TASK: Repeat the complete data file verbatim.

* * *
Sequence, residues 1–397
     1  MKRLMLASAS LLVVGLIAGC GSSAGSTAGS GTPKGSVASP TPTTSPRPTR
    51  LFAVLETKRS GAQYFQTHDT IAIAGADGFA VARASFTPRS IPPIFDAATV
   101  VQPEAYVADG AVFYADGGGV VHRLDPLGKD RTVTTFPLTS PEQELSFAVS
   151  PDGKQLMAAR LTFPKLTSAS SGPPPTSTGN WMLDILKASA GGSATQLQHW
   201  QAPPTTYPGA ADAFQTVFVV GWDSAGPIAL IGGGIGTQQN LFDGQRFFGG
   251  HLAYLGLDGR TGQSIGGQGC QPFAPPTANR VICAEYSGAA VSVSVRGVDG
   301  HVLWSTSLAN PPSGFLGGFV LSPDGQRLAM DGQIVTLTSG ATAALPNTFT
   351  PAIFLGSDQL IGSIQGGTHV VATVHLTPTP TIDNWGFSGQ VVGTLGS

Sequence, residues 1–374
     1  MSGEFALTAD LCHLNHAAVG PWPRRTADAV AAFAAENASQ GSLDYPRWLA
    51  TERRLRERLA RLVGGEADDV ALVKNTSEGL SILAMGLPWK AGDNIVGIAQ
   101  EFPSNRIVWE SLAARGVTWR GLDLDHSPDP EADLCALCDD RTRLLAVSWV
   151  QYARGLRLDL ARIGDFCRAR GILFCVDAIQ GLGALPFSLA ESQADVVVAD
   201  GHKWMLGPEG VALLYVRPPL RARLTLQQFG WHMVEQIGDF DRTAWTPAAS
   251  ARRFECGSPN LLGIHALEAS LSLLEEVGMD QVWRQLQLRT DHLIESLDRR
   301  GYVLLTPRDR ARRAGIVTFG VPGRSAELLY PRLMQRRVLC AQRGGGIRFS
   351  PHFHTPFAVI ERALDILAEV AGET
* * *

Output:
Sequence, residues 1–397
     1  MKRLMLASAS LLVVGLIAGC GSSAGSTAGS GTPKGSVASP TPTTSPRPTR
    51  LFAVLETKRS GAQYFQTHDT IAIAGADGFA VARASFTPRS IPPIFDAATV
   101  VQPEAYVADG AVFYADGGGV VHRLDPLGKD RTVTTFPLTS PEQELSFAVS
   151  PDGKQLMAAR LTFPKLTSAS SGPPPTSTGN WMLDILKASA GGSATQLQHW
   201  QAPPTTYPGA ADAFQTVFVV GWDSAGPIAL IGGGIGTQQN LFDGQRFFGG
   251  HLAYLGLDGR TGQSIGGQGC QPFAPPTANR VICAEYSGAA VSVSVRGVDG
   301  HVLWSTSLAN PPSGFLGGFV LSPDGQRLAM DGQIVTLTSG ATAALPNTFT
   351  PAIFLGSDQL IGSIQGGTHV VATVHLTPTP TIDNWGFSGQ VVGTLGS

Sequence, residues 1–374
     1  MSGEFALTAD LCHLNHAAVG PWPRRTADAV AAFAAENASQ GSLDYPRWLA
    51  TERRLRERLA RLVGGEADDV ALVKNTSEGL SILAMGLPWK AGDNIVGIAQ
   101  EFPSNRIVWE SLAARGVTWR GLDLDHSPDP EADLCALCDD RTRLLAVSWV
   151  QYARGLRLDL ARIGDFCRAR GILFCVDAIQ GLGALPFSLA ESQADVVVAD
   201  GHKWMLGPEG VALLYVRPPL RARLTLQQFG WHMVEQIGDF DRTAWTPAAS
   251  ARRFECGSPN LLGIHALEAS LSLLEEVGMD QVWRQLQLRT DHLIESLDRR
   301  GYVLLTPRDR ARRAGIVTFG VPGRSAELLY PRLMQRRVLC AQRGGGIRFS
   351  PHFHTPFAVI ERALDILAEV AGET